5 min read

Despicableness as Context

I would like to figure out when and how to engage with artists who are bad people.

On the one hand, Richard Wagner did not much care for Jews – and not just in the way that was cant for 19th century Germans, but actively going out of his way to disparage Jews and Jewish composers.1 This doesn’t bother me, and I think it’s because I don’t see any connection between his music and his beliefs. Ride of the Valkyries works as a statement of grandeur and violence wherever it pops up.

But when R. Kelly sings

My mind’s tellin’ me no, but my body, my body’s tellin’ me yes

it reads like a defense of his horrible behavior; the context of his despicableness suffuses the text. When you cue that song up on Youtube, in a tiny way, you’re literally buying his defense. That’s a very different stance for a listener. For me, it’s untenable.

Cf. Michael Jackson, whose music is much creepier than I remember it being as a kid2 (my friend Roger suggested these snippets):

You’ve been hit by/You’ve been hit by/A smooth criminal

And no one’s gonna save you/From the beast about to strike

Other obvious examples: Woody Allen has a (formerly) critically-acclaimed movie featuring himself dating a teenager, the very title of Louis CK’s movie seems like the expression of a horrible man’s fantasies and it features an extended pantomimed masturbation scene played for laughs – there is no line here between context and text for these men and their products. My intuition is that when this legion of horribles, this basket of deplorables, makes art, the presumption should be that it is intended as a defense of (or distraction from3) their despicableness, and consuming it is an act of endorsement, or at least of suggesting an open mind to their apologias.

Is the relevant distinction that we can look past artists’ believing hateful things, but not their terrible behavior? I don’t think so. First, the distinction is likely to be pretty thin, because we can safely presume that people who believe horrible things are more likely to do horrible things, even if we don’t hear about them. Second, this doesn’t seem to reliably guide whose work I (or we) choose to disengage from.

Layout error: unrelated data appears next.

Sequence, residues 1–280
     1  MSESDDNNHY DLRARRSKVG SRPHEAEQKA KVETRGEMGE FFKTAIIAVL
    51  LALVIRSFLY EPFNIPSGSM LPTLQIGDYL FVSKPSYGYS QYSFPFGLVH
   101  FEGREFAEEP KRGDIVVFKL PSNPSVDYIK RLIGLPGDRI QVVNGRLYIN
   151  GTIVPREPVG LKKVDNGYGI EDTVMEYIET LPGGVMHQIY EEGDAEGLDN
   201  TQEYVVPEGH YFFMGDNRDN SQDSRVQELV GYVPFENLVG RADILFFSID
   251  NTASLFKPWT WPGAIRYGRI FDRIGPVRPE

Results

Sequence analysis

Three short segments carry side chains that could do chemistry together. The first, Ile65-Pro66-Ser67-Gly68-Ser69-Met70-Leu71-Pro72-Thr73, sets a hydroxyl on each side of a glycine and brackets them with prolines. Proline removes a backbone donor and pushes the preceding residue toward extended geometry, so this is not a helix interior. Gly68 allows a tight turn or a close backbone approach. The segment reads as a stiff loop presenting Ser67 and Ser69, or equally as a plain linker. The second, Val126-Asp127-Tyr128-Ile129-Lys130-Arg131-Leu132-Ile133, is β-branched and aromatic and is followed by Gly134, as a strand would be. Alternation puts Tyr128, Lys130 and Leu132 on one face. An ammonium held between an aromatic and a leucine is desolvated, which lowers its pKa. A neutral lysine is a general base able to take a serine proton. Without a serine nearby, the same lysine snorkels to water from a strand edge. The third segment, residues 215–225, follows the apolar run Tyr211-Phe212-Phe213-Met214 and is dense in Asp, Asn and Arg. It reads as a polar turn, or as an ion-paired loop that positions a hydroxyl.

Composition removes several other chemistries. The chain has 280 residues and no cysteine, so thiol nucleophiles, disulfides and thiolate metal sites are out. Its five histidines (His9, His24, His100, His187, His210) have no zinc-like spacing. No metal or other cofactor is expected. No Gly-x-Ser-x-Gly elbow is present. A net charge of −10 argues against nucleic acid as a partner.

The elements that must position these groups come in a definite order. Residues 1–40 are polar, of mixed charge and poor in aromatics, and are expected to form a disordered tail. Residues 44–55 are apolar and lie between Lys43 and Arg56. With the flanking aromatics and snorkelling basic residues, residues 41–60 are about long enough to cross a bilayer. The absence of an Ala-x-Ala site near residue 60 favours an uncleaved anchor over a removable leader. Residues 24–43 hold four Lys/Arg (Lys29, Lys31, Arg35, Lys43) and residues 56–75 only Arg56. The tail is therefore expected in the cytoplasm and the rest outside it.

Consider Picasso, whose sharp angles and misplaced bodyparts render his woman subjects ghastly, grotesque, visually dehumanized. So yes, the context of his being famously awful to women in his life matters. Shall I boycott Picasso, and the museums that host his work? I am not ready to do so, but I don’t have a good reason why I shouldn’t. One thing that occurs is that he’s already dead, so it’s not like I’m benefiting the abuser. But I don’t see why that should matter.

Some less highfalutin examples: Apparently TJ Miller actually is Erlich Bachman, and his performance on Silicon Valley is (to me) an all-time great embodiment of male cluelessness. Is it unethical to pay him for playing a horrible man on TV, if the excellence of his performance stems from his being one in real life?4 Ditto for Aziz Ansari’s apparently being just as creepy as Tom Haverford is on Parks and Recreation – his character is one of my least favorite things about a show I like, but it’s not as though, when I’m watching, I can make micropayments during scenes I like to signal that I think Amy Poehler’s performance is Emmy-worthy and they should write Tom off the show.5

Insofar as I spend many hours a week engaging with art (broadly defined to include TV, books, videogames,6 etc.), the question of what art to engage with and why is important. I can think of examples that are clearly “no,” where the context and the text are patently isomorphic (Woody Allen, Louis CK), as well as cases that are clearly “I don’t care” (Wagner, Alice Walker, Public Enemy).7

But for cases in between these extremes, I more or less seem to decide based on whether I feel disgust when I engage with the material, which does not seem to be a very reliable basis for good moral decisions.

I am not sure what else to do, but if I come up with a better answer, I’ll let you know.


  1. I think that we remember Wagner as especially antisemitic not because of his beliefs but because he was one of Hitler’s favorite composers.↩︎

  2. In retrospect, of course his music is slick and seductive towards children, of course I would not understand that the man holding this sonic candy out wanted to hurt me.↩︎

  3. There they are, miming an upstanding man on TV or in a book on modern dating.↩︎

  4. Jonathan Franzen’s essay of rememberance for his friend David Foster Wallace “pass[es] over…the question of how such a beautiful human being had come by such vividly intimate knowledge of the thoughts of hideous men,” which in turn passes over the question of what it was like for Franzen to maintain decades of friendship with an obvious misogynist.↩︎

  5. This feels like a plausible development for TV in my lifetime, though.↩︎

  6. In case you’re curious, I follow the Wired Magazine convention here of making videogame one word (I looked this up when Rstudio threw a spelling error).↩︎

  7. In light of these being the examples that came to mind, I think that I might just not care very much about antisemitism. It doesn’t feel like an active threat. I see Alice Walker as being very misguided on the question of Jews’ influence, and I hope that someone steers her right.↩︎